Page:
Here's how it really goes down. Doctor tells cancer patient that his/her cancer has returned. But good news, there's a new treatment out for just this case. A real miracle drug that has shown great promise. Would you like to have it?

Patient says, "well, hell yes!". Patient gets new drug. Dies in 2 months.

Turns out the new drug extented the life of such patients by 1 to 3 months in clinical trials. More often than not the trials were made statistically significant by cherry picking the data.

I'm with Dubner here. Pretty much a scam. When your data shows complete remission for 5 years in even 5 out of 10, then you may have an argument for the drug. You may argue for 3 out of 10. Otherwise, get back to work.

Connie H.

What the medical/insurance hierarchy isn't doing properly: adequate support of diabetics, especially daily maintenance. Do you know many insurance plans only pay for one blood sugar test strip per day? Since the long-term damage from diabetes can be caused by widely fluctuating blood sugar levels, it would seem that the wisest and most cost-effective support would be at least three tests a day to adjust insulin as needed.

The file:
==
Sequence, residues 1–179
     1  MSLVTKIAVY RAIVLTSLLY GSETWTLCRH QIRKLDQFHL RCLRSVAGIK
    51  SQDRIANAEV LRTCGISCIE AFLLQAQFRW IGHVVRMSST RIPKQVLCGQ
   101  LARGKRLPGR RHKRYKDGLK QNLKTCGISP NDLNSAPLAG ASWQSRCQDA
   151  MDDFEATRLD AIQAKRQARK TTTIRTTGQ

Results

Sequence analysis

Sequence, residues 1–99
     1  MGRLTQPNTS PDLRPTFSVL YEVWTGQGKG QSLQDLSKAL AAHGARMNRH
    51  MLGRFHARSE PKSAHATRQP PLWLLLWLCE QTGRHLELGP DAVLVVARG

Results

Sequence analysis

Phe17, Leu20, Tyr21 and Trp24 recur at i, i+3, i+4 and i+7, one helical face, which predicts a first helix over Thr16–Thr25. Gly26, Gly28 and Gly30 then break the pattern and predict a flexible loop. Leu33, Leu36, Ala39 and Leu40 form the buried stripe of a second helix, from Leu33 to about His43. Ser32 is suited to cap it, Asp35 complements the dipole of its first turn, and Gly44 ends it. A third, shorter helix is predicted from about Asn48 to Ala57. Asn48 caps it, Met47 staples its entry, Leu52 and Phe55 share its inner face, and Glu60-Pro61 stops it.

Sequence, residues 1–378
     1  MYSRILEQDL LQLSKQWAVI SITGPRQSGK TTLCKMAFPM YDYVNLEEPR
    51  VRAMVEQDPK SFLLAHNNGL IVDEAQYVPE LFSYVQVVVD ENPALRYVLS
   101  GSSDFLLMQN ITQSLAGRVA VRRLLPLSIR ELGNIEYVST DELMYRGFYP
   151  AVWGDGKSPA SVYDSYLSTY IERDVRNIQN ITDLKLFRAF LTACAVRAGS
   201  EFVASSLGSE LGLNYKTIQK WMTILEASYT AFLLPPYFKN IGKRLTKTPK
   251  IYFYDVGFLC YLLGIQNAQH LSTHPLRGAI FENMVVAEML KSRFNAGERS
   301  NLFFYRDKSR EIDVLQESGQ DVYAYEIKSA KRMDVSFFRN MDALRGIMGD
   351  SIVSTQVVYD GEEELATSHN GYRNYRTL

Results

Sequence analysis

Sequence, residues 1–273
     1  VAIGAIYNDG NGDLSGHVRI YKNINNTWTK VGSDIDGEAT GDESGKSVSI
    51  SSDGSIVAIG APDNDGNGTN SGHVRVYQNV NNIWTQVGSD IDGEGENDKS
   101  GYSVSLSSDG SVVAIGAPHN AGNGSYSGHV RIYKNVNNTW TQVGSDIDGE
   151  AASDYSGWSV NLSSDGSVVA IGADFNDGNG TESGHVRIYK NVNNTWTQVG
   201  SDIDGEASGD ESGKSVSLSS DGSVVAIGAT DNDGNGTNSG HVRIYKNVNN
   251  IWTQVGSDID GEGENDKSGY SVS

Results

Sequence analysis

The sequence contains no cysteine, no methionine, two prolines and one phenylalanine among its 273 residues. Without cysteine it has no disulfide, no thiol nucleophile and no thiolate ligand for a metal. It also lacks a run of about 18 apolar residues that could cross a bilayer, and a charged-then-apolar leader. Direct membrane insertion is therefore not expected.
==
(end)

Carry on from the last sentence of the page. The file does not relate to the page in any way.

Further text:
Don't even get me started about making syringes and needles prescription-only, while we're on the subject of stupid "medical" practices.


egretman, the absolute vast majority of chemotherapeutic trials right now are not for new drugs. They're for combinations of chemo agents and dosing regimens trying to optimize outcomes.

I'm not sure where you derive your supposed knowledge of oncologist behavior, but I'm fairly certain that your characterization of docs pushing supposed miracle drugs is absolutely irrelevant to reality. It certainly wasn't reality for my family member that died of colon cancer back in February.

Cardiologists have tremendous financial incentives to perform stenting procedures, but those same financial incentives simply don't exist in oncology on any similar scale.

Evidence-based palliative chemotherapy is a good thing when a patient stands to gain a balance of quantity and quality of life. And its existence doesn't affect an oncologist's bottomline significantly enough to bolster your anti-physician conspiracy theory.